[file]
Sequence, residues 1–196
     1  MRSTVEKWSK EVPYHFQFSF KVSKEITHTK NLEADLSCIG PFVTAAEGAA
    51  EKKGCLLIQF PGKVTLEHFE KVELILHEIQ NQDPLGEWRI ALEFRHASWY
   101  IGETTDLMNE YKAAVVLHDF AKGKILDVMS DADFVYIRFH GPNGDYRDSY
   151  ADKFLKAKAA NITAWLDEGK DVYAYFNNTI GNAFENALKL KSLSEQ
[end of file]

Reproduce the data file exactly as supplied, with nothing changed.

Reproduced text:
Sequence, residues 1–196
     1  MRSTVEKWSK EVPYHFQFSF KVSKEITHTK NLEADLSCIG PFVTAAEGAA
    51  EKKGCLLIQF PGKVTLEHFE KVELILHEIQ NQDPLGEWRI ALEFRHASWY
   101  IGETTDLMNE YKAAVVLHDF AKGKILDVMS DADFVYIRFH GPNGDYRDSY
   151  ADKFLKAKAA NITAWLDEGK DVYAYFNNTI GNAFENALKL KSLSEQ